Evaluation of diarrhea disease risk attributed to inundation water use on a local scale in Cambodia using hydrological model simulations
Amano, Ayako; Sakuma, Taisuke; Kazama, So; Gunawardhana, Luminda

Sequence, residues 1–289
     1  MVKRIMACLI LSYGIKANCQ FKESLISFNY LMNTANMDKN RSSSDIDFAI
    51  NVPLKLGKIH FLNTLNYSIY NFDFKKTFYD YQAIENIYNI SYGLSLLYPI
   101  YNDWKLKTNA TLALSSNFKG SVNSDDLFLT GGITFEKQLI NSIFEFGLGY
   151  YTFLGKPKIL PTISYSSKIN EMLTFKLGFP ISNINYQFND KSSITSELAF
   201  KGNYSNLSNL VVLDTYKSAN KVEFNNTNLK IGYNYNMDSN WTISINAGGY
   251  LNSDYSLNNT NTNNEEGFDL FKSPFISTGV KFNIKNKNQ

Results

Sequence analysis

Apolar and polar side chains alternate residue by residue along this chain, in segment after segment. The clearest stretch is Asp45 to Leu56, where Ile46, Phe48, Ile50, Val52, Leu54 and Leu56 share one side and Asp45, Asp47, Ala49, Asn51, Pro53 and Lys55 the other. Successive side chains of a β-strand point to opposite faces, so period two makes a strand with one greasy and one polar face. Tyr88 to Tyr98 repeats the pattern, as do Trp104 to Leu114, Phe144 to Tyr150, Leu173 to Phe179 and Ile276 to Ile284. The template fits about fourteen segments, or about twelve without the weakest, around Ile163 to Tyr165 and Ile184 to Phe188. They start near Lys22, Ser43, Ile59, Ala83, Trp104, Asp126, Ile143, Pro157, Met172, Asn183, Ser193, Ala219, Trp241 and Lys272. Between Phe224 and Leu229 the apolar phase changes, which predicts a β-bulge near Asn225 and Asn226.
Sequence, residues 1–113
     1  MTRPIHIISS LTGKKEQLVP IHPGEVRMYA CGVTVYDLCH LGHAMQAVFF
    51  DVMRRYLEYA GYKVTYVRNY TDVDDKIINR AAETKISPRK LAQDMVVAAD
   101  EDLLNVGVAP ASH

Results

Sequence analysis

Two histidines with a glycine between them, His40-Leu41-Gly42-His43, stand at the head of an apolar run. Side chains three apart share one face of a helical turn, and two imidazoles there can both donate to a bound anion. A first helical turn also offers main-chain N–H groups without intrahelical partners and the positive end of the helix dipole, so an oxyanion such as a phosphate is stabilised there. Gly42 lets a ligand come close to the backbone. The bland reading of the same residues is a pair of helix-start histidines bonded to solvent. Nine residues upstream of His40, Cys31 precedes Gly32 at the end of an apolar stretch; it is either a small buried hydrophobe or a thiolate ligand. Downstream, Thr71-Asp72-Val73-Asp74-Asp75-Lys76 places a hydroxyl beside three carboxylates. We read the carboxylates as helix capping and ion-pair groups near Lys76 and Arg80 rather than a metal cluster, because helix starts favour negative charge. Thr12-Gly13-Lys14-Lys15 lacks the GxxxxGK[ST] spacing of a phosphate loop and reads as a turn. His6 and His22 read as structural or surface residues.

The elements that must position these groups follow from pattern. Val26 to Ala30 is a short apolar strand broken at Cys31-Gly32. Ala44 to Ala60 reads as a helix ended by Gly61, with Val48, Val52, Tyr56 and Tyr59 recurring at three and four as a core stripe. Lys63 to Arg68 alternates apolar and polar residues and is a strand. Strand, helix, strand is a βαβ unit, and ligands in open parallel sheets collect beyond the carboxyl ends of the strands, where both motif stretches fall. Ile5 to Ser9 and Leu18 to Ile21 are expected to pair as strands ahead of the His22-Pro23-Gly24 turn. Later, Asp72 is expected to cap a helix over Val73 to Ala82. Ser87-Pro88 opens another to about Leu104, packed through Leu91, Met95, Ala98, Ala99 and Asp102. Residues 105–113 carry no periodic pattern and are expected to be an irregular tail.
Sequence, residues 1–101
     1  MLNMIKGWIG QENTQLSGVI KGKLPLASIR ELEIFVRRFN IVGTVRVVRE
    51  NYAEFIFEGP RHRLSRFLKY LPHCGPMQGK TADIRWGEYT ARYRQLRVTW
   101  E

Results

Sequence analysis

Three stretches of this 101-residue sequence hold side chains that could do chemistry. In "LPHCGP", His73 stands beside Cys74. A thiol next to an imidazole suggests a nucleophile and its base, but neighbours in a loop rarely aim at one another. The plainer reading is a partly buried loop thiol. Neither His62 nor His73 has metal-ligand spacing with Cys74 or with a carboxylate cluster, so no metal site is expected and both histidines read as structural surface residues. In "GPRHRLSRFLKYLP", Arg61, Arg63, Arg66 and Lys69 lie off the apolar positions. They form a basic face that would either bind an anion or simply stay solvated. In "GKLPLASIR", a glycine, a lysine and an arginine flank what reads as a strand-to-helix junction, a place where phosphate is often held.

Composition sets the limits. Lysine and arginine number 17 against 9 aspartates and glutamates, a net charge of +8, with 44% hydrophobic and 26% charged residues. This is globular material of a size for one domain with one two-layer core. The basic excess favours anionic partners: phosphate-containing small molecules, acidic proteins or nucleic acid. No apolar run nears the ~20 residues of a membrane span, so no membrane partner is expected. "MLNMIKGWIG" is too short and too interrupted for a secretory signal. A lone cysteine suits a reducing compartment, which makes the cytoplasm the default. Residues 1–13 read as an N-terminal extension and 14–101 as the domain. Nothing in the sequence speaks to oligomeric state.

Diarrhea disease in Cambodia is caused mainly by regular seasonal flooding in the lower Mekong River basin. This study simulated diarrhea infectious disease risk attributed to inundation water use for drinking purposes on a local scale in Cambodia and compared the results with those obtained from regional-scale simulations. A distributed flood simulation model, which consisted of a dynamic wave model and a non-uniform flow model, was employed, along with a coliform bacteria diffusion model and a dose-response model. The model results were independently verified with field-observed coliform bacteria concentrations during the dry and flood seasons. According to our results, the daily average risk for local-scale analysis is approximately two-to-three times greater for different local settlements than the estimated risk on a regional scale. On a local scale, diarrhea disease risk depends on specific human behaviors (i.e., the load of fecal coliform input to the inundation area) and geographical arrangements in different residential settings (i.e., facility for fast-receding flood water). As such, the time difference to decrease the maximum risk by 50 % is as much as twice as high for different residential settings. A significant positive correlation (R2 = 0.83) was obtained between the model-simulated annual incidence risk of diarrhea and outpatients' diarrhea cases estimated from public health center records. It was also found that the regional model could explain approximately 34 % of the diarrhea cases estimated by outpatient records but that local-scale risk estimations could closely match outpatient records. Our study suggests that regional risk assessments of waterborne diseases are important for understanding relative risk distributions in a large inundation area but that detailed local-scale analysis are needed to predict the most likely consequences and plan countermeasures.